Stone said his prediction of Tim Kaine as Hillary’s VP pick had come to fruition. He said that Kaine’s ethics as governor would be objectionable in most states, but were okay in his home state of Virginia.
Stone criticised Ted Cruz, who underwent ‘self-immolation’ after his convention speech:
He could have been a hero
he is so obtuse, he stabbed Donald Trump in the back.
Stone said that the New York Post reported Obama’s half brother Malik would be endorsing Trump. (The Mirror carried the report three days later.) Malik went on to become something of a star at Reddit’s The_Donald, and also gave them an AMA (Ask Me Anything) interview.
As for the election, Stone warned:
We are going to have to be vigilant about voter fraud.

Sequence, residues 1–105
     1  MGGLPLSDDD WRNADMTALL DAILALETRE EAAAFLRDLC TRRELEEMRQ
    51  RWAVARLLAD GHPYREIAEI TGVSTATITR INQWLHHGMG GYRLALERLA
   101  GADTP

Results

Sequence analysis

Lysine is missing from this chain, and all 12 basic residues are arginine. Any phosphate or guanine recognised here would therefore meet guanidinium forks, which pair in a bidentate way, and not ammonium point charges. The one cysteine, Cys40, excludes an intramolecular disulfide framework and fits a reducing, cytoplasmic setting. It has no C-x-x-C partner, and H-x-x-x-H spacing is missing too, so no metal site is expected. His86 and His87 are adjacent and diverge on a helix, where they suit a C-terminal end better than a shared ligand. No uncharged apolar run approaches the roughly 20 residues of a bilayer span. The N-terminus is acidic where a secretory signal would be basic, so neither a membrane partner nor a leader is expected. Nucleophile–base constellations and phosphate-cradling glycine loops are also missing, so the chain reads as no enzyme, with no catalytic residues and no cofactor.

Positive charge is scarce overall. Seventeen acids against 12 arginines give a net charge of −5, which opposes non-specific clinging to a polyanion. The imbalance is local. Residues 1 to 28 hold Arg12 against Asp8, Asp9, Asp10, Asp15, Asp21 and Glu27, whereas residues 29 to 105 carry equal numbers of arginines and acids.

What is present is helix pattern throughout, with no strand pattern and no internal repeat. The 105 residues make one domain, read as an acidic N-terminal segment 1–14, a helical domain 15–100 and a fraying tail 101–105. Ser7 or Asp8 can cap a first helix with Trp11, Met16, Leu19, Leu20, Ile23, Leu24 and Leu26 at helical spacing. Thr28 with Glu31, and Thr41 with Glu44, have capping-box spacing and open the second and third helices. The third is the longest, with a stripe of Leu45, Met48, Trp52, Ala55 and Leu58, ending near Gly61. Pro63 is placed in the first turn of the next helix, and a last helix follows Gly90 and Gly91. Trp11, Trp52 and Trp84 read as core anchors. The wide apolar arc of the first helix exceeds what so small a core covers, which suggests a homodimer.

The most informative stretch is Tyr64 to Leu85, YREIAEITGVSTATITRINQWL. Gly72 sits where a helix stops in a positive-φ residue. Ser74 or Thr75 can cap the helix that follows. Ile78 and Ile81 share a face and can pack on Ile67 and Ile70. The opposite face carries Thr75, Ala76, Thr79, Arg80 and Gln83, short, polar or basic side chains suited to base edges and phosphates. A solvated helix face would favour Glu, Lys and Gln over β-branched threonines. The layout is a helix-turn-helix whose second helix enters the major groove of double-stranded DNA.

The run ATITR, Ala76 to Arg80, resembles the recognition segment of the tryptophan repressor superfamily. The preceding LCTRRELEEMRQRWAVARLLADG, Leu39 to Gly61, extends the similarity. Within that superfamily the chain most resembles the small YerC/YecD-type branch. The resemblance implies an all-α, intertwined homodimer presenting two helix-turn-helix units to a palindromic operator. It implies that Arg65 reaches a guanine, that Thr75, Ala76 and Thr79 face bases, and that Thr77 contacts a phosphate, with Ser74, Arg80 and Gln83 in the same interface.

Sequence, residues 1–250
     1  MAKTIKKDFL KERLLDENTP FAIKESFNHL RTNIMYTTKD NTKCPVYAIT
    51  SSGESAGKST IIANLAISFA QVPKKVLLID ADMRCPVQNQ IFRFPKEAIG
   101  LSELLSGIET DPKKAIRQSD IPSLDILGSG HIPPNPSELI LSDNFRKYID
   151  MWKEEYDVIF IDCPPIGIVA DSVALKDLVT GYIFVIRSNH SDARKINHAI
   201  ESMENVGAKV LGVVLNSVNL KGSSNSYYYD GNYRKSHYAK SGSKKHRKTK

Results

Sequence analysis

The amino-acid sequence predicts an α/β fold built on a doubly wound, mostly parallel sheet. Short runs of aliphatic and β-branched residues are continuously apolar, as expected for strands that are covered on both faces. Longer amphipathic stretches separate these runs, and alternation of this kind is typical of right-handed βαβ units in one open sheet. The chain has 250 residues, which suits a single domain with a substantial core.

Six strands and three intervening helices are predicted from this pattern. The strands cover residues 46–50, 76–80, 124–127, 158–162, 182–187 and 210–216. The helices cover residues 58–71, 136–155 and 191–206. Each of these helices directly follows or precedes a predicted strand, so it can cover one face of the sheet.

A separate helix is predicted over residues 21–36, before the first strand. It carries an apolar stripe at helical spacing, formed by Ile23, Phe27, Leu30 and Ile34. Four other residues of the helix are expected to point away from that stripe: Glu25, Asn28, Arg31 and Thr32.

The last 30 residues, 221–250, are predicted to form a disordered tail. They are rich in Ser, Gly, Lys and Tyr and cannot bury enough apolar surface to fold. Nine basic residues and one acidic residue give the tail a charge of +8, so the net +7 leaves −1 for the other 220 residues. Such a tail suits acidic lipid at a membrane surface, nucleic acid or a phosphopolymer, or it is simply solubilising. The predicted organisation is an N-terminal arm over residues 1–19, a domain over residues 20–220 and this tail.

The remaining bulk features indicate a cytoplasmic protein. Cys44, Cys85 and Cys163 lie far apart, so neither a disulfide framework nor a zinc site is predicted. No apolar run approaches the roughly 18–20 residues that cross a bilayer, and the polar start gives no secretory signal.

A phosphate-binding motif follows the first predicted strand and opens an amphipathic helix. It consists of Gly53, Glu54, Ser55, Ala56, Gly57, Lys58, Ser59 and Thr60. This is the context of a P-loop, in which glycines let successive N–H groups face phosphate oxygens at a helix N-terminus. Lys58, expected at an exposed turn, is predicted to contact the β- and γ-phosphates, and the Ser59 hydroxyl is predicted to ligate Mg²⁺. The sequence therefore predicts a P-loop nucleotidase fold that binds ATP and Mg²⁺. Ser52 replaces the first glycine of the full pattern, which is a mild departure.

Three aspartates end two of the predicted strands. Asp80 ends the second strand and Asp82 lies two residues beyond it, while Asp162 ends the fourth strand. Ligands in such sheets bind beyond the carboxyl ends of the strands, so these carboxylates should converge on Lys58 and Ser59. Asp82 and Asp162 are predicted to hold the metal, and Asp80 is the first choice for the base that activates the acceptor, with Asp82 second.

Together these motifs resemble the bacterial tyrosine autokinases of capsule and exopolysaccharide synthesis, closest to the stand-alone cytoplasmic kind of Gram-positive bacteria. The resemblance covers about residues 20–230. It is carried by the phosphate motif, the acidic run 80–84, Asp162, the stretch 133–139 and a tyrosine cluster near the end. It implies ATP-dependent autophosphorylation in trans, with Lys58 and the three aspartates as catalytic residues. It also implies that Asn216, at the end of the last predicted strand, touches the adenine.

Yep. However, even he couldn’t foresee that Jill Stein (Green Party candidate) would call for recounts in three states that Trump won. Confusion abounds as I write. Are they taking place, or aren’t they? No one seems to know if they are going ahead or not — and to what degree — in Michigan and Pennyslvania. (Wisconsin’s is in progress.)
Regardless, Stone assured Jones’s audience that, although the Democrats had a ‘game plan’, Trump would be aware of it.
I’m sure he is, but Stein is going to try and press ahead with a different tactic in Pennsylvania today (Monday, December 5). She is scheduled to make an announcement at Trump Tower and push for a recount in the Keystone State ‘on constitutional grounds’.
Someone must refuse to play into this woman’s foolish frivolity, which not even the Green Party supports.
In the words of Nancy Reagan, ‘Just say no!’